This seems to be one where the translations, lexicons, and commentaries are in broad agreement: it's meant temporally.
The syntax of the verse
εἰς τὸ εἶναι ἡμᾶς εἰς ἔπαινον δόξης αὐτοῦ τοὺς προηλπικότας ἐν τῷ Χριστῷ.
so that we who were the first to hope in Christ might be to the praise of his glory. (ESV)
In this rendering, τοὺς προηλπικότας is understood to be in apposition to ἡμᾶς;1 an alternative is to make it predicative:2
That we, to the praise of his glory, should be those who have before had hopes in Christ.
Either way, τοὺς προηλπικότας is a substantive participle meant to provide further information about ἡμᾶς (we).
The meaning of προηλπικότας
The word is a hapax legomenon within the New Testament, derived from a prepositional prefix προ- (before) and ελπίζω (to hope). Although prepositional prefixes tacked onto Greek verbs are notorious for creating an unpredictable semantic relationship with the root, προ- usually has a temporal connotation.3 From BDAG, προελπίζω:
to be prior in hoping, hope before, be the first to hope
The lexicon comments on Eph 1:12 (abbreviation expanded, link added):
in such case προελπίζω is to be understood syntagmatically: hope is prior to realization
The lexicon also helpfully mentions Romans 11:35 as an example where it is contextually obvious that there is a temporal contrast drawn by the verb prefixed wtih προ- and a later verb:
ἢ τίς προέδωκεν αὐτῷ,
καὶ ἀνταποδοθήσεται αὐτῷ;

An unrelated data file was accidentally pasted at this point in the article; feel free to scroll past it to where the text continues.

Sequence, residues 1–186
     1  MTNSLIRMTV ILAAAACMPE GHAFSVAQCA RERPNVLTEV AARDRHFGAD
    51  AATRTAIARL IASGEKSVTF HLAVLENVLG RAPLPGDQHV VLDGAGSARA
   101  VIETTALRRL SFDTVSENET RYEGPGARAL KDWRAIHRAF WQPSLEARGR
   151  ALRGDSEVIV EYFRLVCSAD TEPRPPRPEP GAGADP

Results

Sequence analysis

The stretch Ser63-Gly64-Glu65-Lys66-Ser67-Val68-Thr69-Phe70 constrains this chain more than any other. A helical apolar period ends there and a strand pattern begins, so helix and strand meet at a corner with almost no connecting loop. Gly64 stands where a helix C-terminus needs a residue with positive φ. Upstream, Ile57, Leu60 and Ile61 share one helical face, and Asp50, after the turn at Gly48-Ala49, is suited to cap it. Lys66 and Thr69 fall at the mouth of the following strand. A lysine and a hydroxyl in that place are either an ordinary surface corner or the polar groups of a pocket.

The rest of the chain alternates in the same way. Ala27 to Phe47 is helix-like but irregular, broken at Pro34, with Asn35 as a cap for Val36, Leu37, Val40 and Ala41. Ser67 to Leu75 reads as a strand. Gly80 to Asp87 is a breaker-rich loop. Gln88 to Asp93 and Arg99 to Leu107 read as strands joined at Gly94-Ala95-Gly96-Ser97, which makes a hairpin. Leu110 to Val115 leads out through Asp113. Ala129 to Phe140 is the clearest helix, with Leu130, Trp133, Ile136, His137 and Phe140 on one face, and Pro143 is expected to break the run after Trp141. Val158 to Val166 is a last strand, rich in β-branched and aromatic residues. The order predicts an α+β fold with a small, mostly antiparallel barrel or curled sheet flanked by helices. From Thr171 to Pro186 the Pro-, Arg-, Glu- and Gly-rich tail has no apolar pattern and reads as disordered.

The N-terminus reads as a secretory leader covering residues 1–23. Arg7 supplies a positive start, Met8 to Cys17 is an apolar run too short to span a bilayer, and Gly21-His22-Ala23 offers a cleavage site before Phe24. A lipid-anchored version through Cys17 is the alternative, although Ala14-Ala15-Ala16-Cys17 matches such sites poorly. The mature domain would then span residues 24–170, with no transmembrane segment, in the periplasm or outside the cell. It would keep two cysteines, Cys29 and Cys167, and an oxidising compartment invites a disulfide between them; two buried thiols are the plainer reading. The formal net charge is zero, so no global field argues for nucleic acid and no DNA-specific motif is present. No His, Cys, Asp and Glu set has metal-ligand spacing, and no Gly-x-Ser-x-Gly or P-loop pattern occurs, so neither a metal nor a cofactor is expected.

Or who has given [προέδωκεν] a gift to him
that he might be repaid?
The giving must be prior to the repayment.5
In Eph 1:12, there is also a fairly clear indication of the temporal relationship provided in the following verse.
Εν ᾧ καὶ ὑμεῖς....ἐσφραγίσθητε τῷ πνεύματι
In whom you also....were sealed with the spirit
Here, the distinction is drawn between τοὺς προηλπικότας in v. 12 and ὑμεῖς in v. 13. Many (see all three comementaries cited below) have understood 'we' in v. 12 to refer to Jewish Christians as distinguished from 'you,' the Gentile Christians in v. 13. From the Pillar Commentary:4
The prefix προ- can stress the notion of ‘ahead of time’ or ‘beforehand’, and thus the compound verb refers either to those who hoped before Christ’s coming or, as we have taken it, to Jewish believers, the firstfruits of God’s people in the age inaugurated by Christ’s death and resurrection.
1. S.D.F. Salmond. The Expositor's Greek Testament (1897), vol. 3, p. 264.
2. T.K. Abbott, A Critical and Exegetical Commentary on the Epistles to the Ephesians and to the Colossians (New York: C. Schribner's sons, 1909), p. 20.
3. A.T. Robertson, A Grammar of the Greek New Testament in the Light of Historical Research (3rd edition; London: Hodder and Stoughton, 1919), 562-3 [2nd edition, pp. 620-1].
4. P.T. O’Brien, The Letter to the Ephesians (PNTC; Grand Rapids: Eerdmans, 1999), p. 152.
5. This is a much better example in Greek because both are derived from δίδωμι: “has-before-given....after-be-given-back-to”. Or something.